The future was wide open

I pick up two pains au chocolat and two croissants at 8h30 at the Place Charles Michel boulangerie, this frigid Paris morning with my breath escaping in clouds, and then I’m clicking back to my apartment in my high heeled boots. In my mind, I’m Parisian.

At home, I set the table: jam, coffee, sugar, paper towel napkins, and eat with Beth from Ireland who stayed the night. My host mother wishes us “bonne journée” on her way out the door. I wash the dishes, we head out to the elevator then to the metro, and I say goodbye to her at La Motte-Piquet as I hop on the line 8. I read the direct matin; the car twists through the underground. There’s a French man singing and playing guitar at République, a baby in a stroller on the line 11, then I am coming out at the Christmas-decorated Jourdain station in front of the cathedral, passing the marchés and gyro stands to Rue de Rigoles. This is my commute.

I make coffee, sit down to work on a violence report, listen to a women I interviewed last week on the phone speak to the lawyer in the office next door. This time, she’s not crying. I take a break; it’s nearly lunch. The morning is quiet, three new interns watching a movie on the women’s rights movement in France and the phone ringing every so often.

It’s the way things end. I watch it all slow down around me the moment before it fades. I try to inhale the last moment when every step is a last step. For though I know I can come back, I only get to live the experience here, like I am now, one time. Next month, next year, in ten years, I won’t return in the same shoes. I will have stepped somewhere that has changed me; I will know things I don’t know now. Much like the shoes I am wearing back to UNC next semester, they will be new.

There’s a discomfort knowing this: the end, the change. I’ve thrived for a semester when I didn’t know I was capable of thriving. I’ve been nourished where I was starved. I’ve been happy; my mother tells me she can hear it in my voice. To know what it’s like to feel right and have to leave — the feeling churns in me. So maybe I’ll pack my bags when it’s dark, fold my scrapbook into the lining of tears and cling to journal entries on the plane ride, to pictures of Italy and the Eiffel Tower.

Then I will be where I was. A campus in North Carolina, aching for the messy living room in Strasbourg, the waterfall on the Arno. Instead, there will be 18 hours of classes, the two majors and a minor, two jobs I left I behind, the sorority events, the women’s rights group activism, the unfinished documentary, the mission trip fundraising for Spring Break in Jamaica, health advocates, meetings, libraries, a social calendar. I want to say, Paris taught me what it’s like to live and, mon dieu, now I’m gonna live. I want to finish learning how to play guitar, buy a canvas and paint, complete the novel I started, drink coffee after sleeping in, write articles. Do what I love.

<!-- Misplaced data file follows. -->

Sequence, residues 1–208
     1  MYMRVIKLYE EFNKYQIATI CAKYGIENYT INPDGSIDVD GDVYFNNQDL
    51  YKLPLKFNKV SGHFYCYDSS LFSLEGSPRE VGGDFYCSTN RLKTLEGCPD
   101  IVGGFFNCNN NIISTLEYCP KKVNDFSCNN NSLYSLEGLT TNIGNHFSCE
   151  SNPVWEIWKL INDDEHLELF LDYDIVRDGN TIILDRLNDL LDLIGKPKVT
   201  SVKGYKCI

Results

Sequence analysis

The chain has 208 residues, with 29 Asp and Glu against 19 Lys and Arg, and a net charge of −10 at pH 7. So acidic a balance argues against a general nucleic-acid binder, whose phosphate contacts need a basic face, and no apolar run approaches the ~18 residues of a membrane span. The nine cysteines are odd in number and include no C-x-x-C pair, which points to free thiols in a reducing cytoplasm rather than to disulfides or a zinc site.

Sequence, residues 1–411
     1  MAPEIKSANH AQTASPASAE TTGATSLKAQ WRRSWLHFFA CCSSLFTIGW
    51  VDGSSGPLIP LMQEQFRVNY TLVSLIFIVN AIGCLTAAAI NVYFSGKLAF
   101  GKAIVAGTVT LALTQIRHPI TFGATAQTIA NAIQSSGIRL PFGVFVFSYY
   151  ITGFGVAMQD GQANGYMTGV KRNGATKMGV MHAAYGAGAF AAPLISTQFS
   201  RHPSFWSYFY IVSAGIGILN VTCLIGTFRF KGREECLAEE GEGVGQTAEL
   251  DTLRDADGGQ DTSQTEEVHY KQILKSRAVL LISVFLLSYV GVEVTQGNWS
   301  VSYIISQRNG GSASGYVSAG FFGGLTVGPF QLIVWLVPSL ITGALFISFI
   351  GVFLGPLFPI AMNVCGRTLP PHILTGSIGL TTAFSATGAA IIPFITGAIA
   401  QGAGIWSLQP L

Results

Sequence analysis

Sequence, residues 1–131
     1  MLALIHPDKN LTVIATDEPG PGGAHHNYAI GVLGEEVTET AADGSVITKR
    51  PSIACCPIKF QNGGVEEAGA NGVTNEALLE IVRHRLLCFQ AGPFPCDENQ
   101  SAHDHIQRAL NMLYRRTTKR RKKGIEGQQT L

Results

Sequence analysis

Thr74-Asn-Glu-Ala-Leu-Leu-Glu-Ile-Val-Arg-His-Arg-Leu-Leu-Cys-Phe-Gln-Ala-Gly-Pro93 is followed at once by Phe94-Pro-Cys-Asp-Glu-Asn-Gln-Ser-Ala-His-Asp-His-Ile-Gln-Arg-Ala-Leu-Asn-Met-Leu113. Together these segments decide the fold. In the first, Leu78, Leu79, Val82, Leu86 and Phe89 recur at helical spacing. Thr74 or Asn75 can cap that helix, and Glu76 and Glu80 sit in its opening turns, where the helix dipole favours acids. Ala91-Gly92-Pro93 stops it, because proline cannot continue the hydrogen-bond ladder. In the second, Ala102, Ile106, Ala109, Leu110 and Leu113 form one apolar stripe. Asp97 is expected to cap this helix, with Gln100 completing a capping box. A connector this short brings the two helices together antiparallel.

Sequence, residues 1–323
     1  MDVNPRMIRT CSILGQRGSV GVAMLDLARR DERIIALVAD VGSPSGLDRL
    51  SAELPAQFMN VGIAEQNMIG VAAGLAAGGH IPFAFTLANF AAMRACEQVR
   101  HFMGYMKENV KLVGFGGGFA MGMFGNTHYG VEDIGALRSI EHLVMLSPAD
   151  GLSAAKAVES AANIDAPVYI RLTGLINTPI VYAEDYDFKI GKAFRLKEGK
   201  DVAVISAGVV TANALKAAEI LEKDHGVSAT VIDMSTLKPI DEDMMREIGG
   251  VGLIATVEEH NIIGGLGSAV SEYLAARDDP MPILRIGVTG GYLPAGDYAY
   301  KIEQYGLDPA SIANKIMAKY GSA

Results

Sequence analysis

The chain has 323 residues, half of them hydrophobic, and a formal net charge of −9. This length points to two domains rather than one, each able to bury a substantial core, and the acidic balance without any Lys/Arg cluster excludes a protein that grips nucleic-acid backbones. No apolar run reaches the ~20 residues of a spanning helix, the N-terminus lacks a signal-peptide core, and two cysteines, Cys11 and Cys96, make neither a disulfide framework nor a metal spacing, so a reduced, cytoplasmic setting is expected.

Give me a language and I would love to learn it, give me a book and I would love to write it. But give me that American university, those bricks and that stress, and I will shudder under the weight.

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2 thoughts on “The future was wide open

  1. I ache with you, my dear. I understand part of that pain. Even though I have yet to experience that part of the life in Paris or europe for that matter I felt it this summer in Puerto Rico for sure.

    My heavy loads and stressed life of architecture has gotten the best of me this semester. I’m exhausted. I want change, I can’t wait for next fall.

    yes! its official Prague 2010 here I come.

    We need to see the world together my dear. I can feel it, we have so much in common about our similar lifestyle and ways of seeing life. I want to take my travel see the world, help change. Once you get back (sadly enough) we need to scheme. you & me. backpacks. couch surfing. lets see the world. experience it

    alright ill stop being cheesy but I love you and miss you a lot.

  2. i am living in your room in the 15th this semester. the words you wrote in this entry are exactly what i am running through my head every day, trying to savor this culture and experience when i have become acclamated to, and which is growing on me more and more with every day passing. and the goals and the future events you stated are exactly what are hitting me. i don’t know what to do, i feel like time is racing and i just let myself sit around wherever. i felt the need to time myself and accomplish things for myself while i am here, but then i say to myself, there is no need to striving to do anything but soaking up the sights i see everyday, the french i hear, speak and write, and the interactions with the individuals i will probably never see again. i can already see the memories i just created last week are going into a part of my mind that i will look back on, and regardless of how low my emotions were, they’ll be branded as paris, and they’ll be beautiful to have experienced. i am already sad i only have 1.5 months left, and i’m going to live up to it. i’m glad i read your posts.

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